Thailand, EU agree to resume talks on free trade pact – The Diplomat

Thailand and the European Union have agreed to resume negotiations on a bilateral free trade agreement, which were frozen after the military came to power in a 2014 coup.

In a statement yesterdayThe European Commission said senior officials from both countries will begin talks in Thailand later this year to reach an “ambitious, modern and balanced free trade agreement” by 2025. The talks will cover trade in goods and services, as well as investment in Thailand’s key industries in which the EU is seeking to increase its share, such as renewable energy, electric vehicles and chip manufacturing.

“This announcement confirms the key importance of the Indo-Pacific region to the EU’s trade agenda, paving the way for deeper trade links with the second largest economy in Southeast Asia and further strengthening the EU’s strategic engagement with this growing region,” the statement said. . The commission said.

Meeting reportedly followed virtual meeting between EU Trade Head Valdis Dombrovskis and Thai Trade Minister Yurin Laksanavisit. The latter called the resumption of talks a “historic day” for both sides, according to Nikkei Asia. informed, and said they intended to conclude an agreement “within two years.” political quotes a European diplomat stating that negotiations were unlikely to begin before September.

The EU suspended most cooperation with Thailand, including negotiations on a trade deal, in June 2014, a month after the military toppled the elected government of Prime Minister Yingluck Shinawatra. At that time the block expressed his “extreme concern” about events in Thailand and said the military must restore “as a matter of urgency a legitimate democratic process and constitution through credible and inclusive elections.”

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In October 2019, he decided to re-engage with the quasi-civilian government, still led by coup leader Prayut Chan-o-cha, that was formed after the March elections. This culminated in the signing of the long-awaited Partnership and Cooperation Agreement last December.

If signed, the Thailand-EU pact will become the third European bloc bilateral free trade agreement in Southeast Asia after the agreements signed with Singapore in 2013 And Vietnam in 2020. Both reflect Brussels’ desire to strengthen its engagement with the “Indo-Pacific” in general and Southeast Asia in particular, in part to diversify its economic commitments outside of China.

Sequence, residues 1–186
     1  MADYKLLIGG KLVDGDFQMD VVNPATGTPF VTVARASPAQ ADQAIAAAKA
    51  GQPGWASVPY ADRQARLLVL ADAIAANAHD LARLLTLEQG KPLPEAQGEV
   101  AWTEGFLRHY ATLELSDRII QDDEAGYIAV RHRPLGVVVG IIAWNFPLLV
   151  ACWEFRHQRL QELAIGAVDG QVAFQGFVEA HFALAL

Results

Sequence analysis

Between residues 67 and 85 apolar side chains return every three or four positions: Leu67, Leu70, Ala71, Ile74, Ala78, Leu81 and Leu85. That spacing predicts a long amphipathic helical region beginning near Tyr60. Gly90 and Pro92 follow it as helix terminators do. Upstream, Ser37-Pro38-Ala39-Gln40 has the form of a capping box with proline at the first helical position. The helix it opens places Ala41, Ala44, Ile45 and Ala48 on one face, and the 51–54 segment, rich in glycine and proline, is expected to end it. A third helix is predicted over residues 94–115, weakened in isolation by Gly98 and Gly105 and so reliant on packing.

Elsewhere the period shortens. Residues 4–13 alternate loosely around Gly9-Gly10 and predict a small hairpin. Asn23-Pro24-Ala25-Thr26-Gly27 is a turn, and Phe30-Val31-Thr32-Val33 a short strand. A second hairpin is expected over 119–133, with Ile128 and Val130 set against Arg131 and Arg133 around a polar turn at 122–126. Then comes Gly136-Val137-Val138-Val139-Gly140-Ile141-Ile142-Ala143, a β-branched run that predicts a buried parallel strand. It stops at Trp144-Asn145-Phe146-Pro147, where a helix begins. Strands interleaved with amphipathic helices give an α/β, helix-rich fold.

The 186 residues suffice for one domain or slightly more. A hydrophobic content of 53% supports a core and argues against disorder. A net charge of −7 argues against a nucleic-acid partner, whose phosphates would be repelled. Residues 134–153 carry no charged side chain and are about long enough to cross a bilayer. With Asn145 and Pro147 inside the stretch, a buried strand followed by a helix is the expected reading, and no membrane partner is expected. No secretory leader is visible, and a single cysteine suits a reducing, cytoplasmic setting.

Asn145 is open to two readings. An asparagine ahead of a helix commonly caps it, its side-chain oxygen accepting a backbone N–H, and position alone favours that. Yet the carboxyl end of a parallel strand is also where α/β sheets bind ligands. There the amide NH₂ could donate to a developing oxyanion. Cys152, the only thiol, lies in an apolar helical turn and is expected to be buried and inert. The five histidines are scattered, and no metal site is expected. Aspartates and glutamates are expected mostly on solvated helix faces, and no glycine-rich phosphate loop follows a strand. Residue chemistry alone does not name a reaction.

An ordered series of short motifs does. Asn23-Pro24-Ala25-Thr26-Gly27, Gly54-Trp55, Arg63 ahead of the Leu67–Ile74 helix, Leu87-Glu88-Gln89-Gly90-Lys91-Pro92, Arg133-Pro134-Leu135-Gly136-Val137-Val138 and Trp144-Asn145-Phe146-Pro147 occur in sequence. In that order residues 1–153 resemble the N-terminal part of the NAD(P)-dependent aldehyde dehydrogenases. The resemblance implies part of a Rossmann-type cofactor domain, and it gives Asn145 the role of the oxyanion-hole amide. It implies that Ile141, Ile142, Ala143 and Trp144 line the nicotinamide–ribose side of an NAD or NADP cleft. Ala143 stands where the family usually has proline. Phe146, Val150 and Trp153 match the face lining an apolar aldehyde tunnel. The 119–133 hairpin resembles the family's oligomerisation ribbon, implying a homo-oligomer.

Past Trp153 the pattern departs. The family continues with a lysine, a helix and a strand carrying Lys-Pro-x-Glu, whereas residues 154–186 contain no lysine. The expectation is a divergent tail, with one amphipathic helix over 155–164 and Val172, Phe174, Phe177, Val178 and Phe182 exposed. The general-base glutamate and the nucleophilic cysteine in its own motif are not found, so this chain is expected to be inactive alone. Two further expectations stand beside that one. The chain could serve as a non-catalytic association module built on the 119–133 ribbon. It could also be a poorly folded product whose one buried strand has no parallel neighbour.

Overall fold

According to the Commission, the EU is currently fourth largest trading partner, and Thailand is the EU’s fourth most important trading partner in Southeast Asia. Bilateral trade in goods was $44.5 billion in 2022, and trade in services was another $8.4 billion in 2020. The Commission said that in terms of investment, the EU is the second largest destination for capital outflows from Thailand, accounting for 14 percent of foreign direct investment (FDI) from Thailand. On the other hand, the EU accounts for a tenth of FDI in Thailand. The agreement is likely to raise the status of the economic partnership between the two countries to the leading one in the region.

At the same time, the EU’s position reflects a contradiction between its goal of using its economic weight to achieve progressive change and its strategic interest in strengthening relations with a strategically important but politically illiberal region. In 2020, in the context of the EU-Singapore Free Trade Agreement, two scientists determined “tensions in the EU’s external relations between hard-line commercial interests on the one hand and its fundamental norms expressed in what we call politics or value-based interests, including human rights, on the other.”

The recent rapprochement between the EU and Thailand confirms this well. While the 2019 elections ended the period of military dictatorship by providing an opportunity for Brussels to renew cooperation, in many ways they simply restored military rule behind a civilian façade. Given the current strength of the military and the frequency of military intervention in Thai politics since 1932, it is also likely that their influence will continue for the foreseeable future to the detriment of Thai democracy. So any EU deal with Thailand will have to find a way to accommodate this reality, either by eschewing human rights conventions or softening them to the point where they can be easily circumvented. And that’s not to mention the human rights compromises associated with negotiating a free trade agreement with one-party Vietnam.

As China becomes an increasingly pressing issue for European leaders, it becomes clear that the balance between values ​​and interests is increasingly tilting towards the latter.